Remember: Life, Liberty, pursuit of Happiness.
Seriously, we’re just Americans. We’re parents, children, teachers, students, lawyers, judges, scientists, artists, engineers, musicians, punks, rockers, goths, metal heads — you get the idea.
Except we’re full of Asian awesome sauce. After all, you cannot spell Caucasian without Asian. Xiexie!
Asian American conservatives are often viewed by the liberals as apathetic toward Asian American activism and racial inequality. Is there any validity to that view? Where is the Asian American conservative voice in these matters?
That’s an unfortunate perception and by no means a valid view. I think Asian Americans on both sides are sensitive to racial issues. If you don’t see Asian American conservatives at a rally somewhere doesn’t mean they aren’t calling the politicians to give them a piece of their mind on the issue. Again, I think conservatives have just started recently to be more visible with their activism. They do have to thank the liberals for that, to learn from the best.
In 2009 the BANANA Conference was founded. BANANA is an annual gathering of the blogosphere’s most notable Asian American bloggers from across the country. These bloggers are collectively a liberal-leaning, progressive bunch. Where are the Asian conservative bloggers? It’s not called the BANANA Liberal Asians Conference. Any ideas?
Hey, how come nobody invited any of us from AsianConservatives.com? This is the first time I’ve heard of this conference. Sounds like a lot of fun and a great opportunity to network with other bloggers (umm, right, guys?). I definitely will look into it next year (if it’s still scheduled)…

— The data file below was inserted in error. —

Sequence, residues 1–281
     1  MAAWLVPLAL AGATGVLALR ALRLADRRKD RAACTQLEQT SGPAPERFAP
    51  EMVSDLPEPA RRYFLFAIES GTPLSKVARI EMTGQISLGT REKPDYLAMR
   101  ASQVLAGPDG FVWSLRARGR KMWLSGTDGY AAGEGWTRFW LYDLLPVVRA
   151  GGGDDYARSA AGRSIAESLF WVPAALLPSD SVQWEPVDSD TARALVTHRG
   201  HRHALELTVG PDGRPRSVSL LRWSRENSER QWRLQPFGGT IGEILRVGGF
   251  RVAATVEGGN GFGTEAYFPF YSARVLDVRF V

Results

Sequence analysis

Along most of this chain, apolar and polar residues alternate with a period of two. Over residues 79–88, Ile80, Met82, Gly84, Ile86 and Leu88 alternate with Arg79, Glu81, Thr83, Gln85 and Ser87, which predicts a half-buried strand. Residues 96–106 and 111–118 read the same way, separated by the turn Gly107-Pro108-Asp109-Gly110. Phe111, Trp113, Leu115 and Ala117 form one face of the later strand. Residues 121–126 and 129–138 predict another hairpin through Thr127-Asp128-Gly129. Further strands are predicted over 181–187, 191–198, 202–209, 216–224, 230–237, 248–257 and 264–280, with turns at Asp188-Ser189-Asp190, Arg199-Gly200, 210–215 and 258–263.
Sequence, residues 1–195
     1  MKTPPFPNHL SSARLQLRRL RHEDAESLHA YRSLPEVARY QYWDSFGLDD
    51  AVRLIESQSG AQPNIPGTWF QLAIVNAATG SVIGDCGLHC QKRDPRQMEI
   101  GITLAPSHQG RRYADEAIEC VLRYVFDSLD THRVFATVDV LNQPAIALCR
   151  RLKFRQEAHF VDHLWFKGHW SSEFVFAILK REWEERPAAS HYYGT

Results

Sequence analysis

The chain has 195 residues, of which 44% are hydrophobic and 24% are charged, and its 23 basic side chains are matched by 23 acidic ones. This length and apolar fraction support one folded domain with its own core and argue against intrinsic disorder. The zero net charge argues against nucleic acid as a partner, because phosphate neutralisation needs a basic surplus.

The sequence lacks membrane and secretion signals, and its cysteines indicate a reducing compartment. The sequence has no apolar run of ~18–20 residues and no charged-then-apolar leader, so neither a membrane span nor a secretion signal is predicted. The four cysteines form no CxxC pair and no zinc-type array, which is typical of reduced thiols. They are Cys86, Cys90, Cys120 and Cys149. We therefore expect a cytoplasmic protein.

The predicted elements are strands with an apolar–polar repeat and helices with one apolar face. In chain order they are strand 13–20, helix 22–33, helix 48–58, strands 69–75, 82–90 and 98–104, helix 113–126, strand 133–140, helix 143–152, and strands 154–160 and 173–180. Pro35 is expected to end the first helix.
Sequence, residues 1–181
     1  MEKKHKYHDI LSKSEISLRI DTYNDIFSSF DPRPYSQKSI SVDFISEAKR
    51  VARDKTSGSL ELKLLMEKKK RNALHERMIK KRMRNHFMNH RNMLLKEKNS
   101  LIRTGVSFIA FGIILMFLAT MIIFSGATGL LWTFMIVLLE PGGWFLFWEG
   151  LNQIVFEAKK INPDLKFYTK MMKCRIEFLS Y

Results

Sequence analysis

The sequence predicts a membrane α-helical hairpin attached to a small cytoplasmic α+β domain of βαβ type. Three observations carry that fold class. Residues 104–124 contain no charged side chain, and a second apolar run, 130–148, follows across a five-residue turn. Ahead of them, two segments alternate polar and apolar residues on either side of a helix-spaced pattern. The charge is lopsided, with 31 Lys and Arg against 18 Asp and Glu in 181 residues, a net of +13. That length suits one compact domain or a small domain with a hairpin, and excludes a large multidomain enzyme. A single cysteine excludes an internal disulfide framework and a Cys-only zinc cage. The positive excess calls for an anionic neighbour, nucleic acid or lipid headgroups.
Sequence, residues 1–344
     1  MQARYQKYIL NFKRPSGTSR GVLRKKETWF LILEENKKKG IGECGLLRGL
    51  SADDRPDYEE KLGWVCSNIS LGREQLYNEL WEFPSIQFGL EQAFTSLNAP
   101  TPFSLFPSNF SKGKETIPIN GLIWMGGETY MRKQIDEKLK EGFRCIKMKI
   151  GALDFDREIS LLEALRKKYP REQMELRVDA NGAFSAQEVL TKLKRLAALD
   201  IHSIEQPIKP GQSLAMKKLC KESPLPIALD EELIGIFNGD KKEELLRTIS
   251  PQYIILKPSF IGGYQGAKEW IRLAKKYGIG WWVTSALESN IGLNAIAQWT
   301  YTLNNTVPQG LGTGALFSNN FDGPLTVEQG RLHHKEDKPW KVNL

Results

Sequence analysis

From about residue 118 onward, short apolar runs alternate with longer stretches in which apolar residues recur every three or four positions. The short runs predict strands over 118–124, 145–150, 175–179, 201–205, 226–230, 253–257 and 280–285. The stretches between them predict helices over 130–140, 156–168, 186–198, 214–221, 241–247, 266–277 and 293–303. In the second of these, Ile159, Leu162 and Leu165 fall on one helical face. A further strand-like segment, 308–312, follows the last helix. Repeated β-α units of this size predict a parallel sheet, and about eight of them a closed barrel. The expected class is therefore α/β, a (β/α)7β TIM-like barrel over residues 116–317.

Finally, what are your main criticisms of Asian American liberals?
The same with any liberal: Don’t be so open minded that your brain falls out. Learn to use your sixth sense — common sense. And treasure the traditions and history of America, that we are a nation of free individuals living under the rule of law, that America is a republic and not a democracy, and what the government gives it can easily take away.
Eugene Liu is a Christian conservative of Asian descent. He is the founder of AsianConservatives.com, a blog that serves to further the conservative cause (as if the blogosphere needs another right-wing echo chamber, eh?). Besides politics, he’s also interested in technology and movies.